Aotearoa, or more commonly known as New Zealand, is a little but not so little country right at the bottom of the globe. Often missed out on maps, this country is for sure one that you do not want to be sleeping on. It is home to peaceful idyllic settings but also has some necessary busy city life stuff going on, and is the proud holder of many titles such as “The first country to allow women to vote in (1893)”. Aside from all that, there are a gazillion other mind-boggling facts about New Zealand that I figured you should know about. Without further ado, brace yourself for a very extraordinary journey of enlightenment!
That, my friends, is the longest place name found in any English-speaking country. The 85 letters long word is the Maori name for a hill in Hawke’s Bay. Basically it translates to “The place where Tamatea, the man with the big knees, who slid, climbed and swallowed mountains, known as the land-eater, played his nose flute to his loved ones”. How insane and whimsical is that?
2. There are more animals than humans
New Zealand is essentially 5% human and 95% animals. In addition to that, there are 9 sheep for every 1 person in the country. This means that it has the highest animal to human ratio in the world. Just take a minute to pause and let that fact sink into you. More animals than humans? Now is that baffling or what? The next time humanity disappoints you, you know where to go.
3. The world’s steepest street can be found there
With a gradient of 38 degrees, Baldwin Street in Dunedin is the steepest residential street in the world. Every year, a fitness event called the Baldwin Street Gutbuster is held there which involves athletes running up and down the street. It attracts a few hundred competitors every year and so far the race record is 1:56. A few other unpleasant incidents have happened on the street as well however. Two people thought it would be fun to travel down the street in a wheelie bin, but unfortunately one died and the other suffered from serious brain injuries.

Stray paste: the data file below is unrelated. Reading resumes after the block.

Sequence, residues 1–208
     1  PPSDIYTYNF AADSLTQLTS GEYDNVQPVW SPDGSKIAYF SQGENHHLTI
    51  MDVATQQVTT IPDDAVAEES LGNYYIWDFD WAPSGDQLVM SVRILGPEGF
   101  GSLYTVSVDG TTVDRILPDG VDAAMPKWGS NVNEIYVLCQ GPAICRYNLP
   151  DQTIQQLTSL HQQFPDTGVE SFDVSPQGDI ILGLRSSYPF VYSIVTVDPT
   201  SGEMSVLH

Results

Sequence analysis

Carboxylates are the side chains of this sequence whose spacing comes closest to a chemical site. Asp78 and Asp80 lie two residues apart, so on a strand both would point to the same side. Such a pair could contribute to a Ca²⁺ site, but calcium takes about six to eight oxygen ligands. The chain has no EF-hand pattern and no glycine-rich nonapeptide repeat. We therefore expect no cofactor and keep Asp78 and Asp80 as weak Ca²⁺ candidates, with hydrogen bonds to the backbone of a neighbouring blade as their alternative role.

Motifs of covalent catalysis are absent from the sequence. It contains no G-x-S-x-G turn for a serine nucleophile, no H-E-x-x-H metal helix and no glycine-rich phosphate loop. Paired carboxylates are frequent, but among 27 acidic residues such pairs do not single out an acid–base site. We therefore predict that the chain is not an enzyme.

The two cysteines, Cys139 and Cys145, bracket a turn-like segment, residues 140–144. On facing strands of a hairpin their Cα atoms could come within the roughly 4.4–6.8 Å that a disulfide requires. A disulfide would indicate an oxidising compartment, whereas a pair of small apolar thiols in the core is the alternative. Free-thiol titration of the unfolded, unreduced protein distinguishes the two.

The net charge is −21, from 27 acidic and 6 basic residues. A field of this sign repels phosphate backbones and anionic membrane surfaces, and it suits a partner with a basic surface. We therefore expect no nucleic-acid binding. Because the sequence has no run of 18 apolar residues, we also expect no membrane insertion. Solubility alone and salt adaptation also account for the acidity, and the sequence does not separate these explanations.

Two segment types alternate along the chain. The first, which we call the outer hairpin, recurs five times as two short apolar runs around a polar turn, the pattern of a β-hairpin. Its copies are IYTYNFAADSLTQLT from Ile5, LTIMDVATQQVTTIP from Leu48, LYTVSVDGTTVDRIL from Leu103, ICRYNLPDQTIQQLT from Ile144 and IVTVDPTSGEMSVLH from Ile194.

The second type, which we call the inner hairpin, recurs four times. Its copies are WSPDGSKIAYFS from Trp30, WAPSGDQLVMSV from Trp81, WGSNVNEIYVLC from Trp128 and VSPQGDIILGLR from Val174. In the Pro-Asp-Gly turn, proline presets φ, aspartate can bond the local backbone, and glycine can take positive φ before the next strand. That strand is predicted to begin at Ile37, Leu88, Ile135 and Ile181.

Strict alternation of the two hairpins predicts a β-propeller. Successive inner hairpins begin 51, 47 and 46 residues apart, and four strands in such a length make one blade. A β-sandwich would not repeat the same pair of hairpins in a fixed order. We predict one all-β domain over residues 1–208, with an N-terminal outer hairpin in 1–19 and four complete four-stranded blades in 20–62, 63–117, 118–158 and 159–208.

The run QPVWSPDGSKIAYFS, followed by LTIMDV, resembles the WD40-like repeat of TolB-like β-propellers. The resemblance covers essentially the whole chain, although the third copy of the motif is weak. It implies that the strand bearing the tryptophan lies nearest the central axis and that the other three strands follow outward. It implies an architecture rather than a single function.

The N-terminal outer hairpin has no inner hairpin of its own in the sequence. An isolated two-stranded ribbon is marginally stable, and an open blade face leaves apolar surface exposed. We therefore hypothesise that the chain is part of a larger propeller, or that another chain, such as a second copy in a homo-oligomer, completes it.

4. New Zealand is the pioneer in bungy jumping
Organised commercial bungy jumping first began in New Zealand. Back in 1988, AJ Hackett opened the first ever commercial bungy jump on the Kawarau Bridge in Queenstown. He got inspired by the cultural “bungy” jumps performed in Vanuatu with just tree vines attached to people’s feet as a harness. Now there are many other bung jumps that can be enjoyed across the world, thanks to New Zealand.
5. First ever weather forecast in Elvish
Being home to the Lord of the Rings and The Hobbit, it is no surprise that New Zealand was the first to broadcast the first ever weather forecast in Elvish back in 2012. You can watch it here:
So there you have it, piefaces! 5 bizarre facts about New Zealand that should give you all the right reasons to pick New Zealand as your next travel destination!